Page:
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Local News

September 5, 2012

County to sell Otsego Manor

Resolution passes board, 12-1

COOPERSTOWN — The Otsego County Board of Representatives decided today to sell the debt-plagued Otsego Manor nursing home to the highest bidder.

The resolution authorizing the sale of the 174-bed nursing facility just south of Cooperstown was approved by 12 of the 13 representatives present at today's monthly board meeting. Only Rep. Keith McCarty, R-Springfield, opposed the measure.

The resolution stated that the successful bidder must meet the county's critiera -- including that it has "a history of excellent resident care, financial viability and ability to meet New York State requirements."

The decision came three months after county Treasurer Dan Crowell informed the board that the county's subsidy to the Manor is expected to rise dramatically in future years due to rising cots for labor, supplies and materials at the same time Medicare receipts have been declining.

 We view this as a matter of saving quality nursing care in Otsego County," declared Rep. Katherine Stuligross, D-Oneonta in contending the county could no longer afaford to operate the nursing home itself.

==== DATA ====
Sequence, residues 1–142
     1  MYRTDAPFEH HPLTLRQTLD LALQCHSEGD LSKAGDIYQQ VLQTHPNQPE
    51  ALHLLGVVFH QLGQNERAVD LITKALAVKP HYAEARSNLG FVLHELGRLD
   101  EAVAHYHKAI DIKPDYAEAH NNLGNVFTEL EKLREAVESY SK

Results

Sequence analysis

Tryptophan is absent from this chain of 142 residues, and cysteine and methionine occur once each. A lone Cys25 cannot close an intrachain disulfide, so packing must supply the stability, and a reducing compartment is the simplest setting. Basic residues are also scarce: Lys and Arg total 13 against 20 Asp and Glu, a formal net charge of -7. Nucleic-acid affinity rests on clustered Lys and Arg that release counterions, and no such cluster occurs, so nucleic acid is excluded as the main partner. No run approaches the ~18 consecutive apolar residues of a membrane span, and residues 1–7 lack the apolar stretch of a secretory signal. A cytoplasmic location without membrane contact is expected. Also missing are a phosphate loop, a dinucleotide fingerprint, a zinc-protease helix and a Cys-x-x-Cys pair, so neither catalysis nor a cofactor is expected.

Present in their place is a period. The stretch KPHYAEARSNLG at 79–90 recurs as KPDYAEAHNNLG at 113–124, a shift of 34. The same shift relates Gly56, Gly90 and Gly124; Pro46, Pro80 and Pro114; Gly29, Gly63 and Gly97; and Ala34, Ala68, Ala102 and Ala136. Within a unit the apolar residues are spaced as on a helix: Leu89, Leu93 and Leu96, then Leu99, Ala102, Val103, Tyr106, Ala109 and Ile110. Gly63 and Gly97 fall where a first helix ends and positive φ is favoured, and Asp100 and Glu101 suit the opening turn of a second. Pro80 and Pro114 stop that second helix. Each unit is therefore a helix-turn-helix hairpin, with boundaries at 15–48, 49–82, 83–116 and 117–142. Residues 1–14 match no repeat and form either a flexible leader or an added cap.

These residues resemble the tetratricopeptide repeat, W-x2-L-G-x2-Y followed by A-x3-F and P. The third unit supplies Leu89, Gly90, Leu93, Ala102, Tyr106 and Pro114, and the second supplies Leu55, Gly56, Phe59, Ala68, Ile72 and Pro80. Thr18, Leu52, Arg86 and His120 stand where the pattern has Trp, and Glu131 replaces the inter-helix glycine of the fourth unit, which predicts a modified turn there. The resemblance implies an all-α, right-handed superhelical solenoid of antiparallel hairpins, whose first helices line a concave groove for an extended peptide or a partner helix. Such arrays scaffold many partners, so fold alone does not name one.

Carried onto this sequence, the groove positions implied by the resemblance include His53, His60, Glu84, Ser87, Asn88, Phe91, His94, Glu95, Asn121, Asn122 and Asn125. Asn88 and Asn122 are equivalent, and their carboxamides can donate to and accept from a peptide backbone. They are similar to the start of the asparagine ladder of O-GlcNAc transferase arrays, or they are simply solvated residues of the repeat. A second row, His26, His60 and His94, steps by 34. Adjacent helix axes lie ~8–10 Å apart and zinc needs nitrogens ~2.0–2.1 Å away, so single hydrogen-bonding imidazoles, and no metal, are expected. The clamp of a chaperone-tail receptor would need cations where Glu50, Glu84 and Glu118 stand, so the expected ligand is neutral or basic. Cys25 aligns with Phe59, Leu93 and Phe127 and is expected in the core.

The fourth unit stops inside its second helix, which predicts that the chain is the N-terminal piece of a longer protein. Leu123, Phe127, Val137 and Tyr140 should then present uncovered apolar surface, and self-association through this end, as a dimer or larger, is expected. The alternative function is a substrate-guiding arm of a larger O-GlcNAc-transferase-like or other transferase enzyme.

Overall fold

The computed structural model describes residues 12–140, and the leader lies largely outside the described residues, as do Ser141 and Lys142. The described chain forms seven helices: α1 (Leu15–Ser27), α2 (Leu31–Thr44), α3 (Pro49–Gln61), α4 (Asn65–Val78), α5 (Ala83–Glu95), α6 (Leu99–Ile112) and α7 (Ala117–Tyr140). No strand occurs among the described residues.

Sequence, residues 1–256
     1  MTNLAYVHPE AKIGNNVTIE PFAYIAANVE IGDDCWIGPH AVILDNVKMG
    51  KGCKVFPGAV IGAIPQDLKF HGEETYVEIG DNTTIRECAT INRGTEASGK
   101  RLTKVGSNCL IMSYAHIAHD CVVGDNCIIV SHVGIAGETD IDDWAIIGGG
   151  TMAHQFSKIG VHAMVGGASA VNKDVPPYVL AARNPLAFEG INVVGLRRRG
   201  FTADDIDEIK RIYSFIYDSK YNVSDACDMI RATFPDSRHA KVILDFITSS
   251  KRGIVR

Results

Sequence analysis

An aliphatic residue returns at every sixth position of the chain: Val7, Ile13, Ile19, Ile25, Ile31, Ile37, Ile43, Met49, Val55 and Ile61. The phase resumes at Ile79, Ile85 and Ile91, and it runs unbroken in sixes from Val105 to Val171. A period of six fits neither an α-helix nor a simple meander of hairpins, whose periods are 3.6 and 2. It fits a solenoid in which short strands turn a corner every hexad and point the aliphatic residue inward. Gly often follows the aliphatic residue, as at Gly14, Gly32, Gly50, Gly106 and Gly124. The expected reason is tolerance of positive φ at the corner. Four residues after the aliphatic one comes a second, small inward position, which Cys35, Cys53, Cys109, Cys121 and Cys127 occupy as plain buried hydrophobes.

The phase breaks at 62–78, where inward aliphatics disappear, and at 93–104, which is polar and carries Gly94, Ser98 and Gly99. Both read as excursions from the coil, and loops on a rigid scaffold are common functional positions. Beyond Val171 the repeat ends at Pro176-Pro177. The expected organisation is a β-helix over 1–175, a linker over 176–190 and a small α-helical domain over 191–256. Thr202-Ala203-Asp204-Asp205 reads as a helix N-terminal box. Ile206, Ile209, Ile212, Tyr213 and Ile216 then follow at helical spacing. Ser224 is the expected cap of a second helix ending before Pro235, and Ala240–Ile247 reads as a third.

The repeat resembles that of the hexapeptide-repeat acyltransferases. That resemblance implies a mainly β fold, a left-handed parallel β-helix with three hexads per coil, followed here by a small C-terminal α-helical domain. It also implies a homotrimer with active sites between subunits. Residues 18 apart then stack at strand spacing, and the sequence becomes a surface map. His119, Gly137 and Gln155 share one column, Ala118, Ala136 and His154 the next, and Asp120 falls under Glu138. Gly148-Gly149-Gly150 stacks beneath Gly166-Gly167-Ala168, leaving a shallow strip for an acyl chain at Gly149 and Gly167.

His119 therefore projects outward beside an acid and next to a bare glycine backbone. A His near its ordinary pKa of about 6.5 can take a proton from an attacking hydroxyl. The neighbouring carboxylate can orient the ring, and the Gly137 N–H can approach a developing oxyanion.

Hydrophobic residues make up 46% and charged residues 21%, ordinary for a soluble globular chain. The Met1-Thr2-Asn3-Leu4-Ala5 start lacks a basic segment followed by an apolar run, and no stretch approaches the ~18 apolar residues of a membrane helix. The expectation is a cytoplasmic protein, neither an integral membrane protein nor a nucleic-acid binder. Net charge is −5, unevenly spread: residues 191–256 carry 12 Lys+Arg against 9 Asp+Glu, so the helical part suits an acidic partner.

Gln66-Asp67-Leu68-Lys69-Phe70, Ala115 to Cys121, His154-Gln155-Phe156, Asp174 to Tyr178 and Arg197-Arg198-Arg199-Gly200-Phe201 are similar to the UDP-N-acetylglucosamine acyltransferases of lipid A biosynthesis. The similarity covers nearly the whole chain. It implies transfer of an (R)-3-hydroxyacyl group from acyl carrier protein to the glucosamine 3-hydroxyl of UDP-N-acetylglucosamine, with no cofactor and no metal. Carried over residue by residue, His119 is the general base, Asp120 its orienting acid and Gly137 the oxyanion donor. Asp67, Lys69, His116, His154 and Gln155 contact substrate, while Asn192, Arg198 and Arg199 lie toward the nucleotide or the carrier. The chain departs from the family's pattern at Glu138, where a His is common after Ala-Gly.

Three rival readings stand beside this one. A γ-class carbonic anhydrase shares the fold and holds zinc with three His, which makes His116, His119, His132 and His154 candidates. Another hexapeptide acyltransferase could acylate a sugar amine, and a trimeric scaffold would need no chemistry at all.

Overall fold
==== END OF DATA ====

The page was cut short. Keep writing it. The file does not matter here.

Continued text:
The board provided no advance public notice that it was prepared to act on the fate of the Manor at today's meeting. The topic was not listed on the agenda handed out at the beginning of the public meeting.

Only one local resident attended the meeting to advocate on behalf of keeping the nursing home as county property.

Sandra Bliss of Middlefield said she decided to attend the meeting after The Daily Star, citing anonymous sources, reported last month that the board's Manor Committee had discussed taking steps to privatize it at its most recent meeting.

Bliss, the sister of Middlefield Town Supervisor Dave Bliss, said she feared the quality of care at the Manor will diminish once it is privately owned. She argued  hat the board was empowered to increase taxes in order to plug the home's budget shortfall.

Edmond Marchi, the Manor's administrator, recently projected the home's deficit is on course to rise to $6 million a year within a few years.

 

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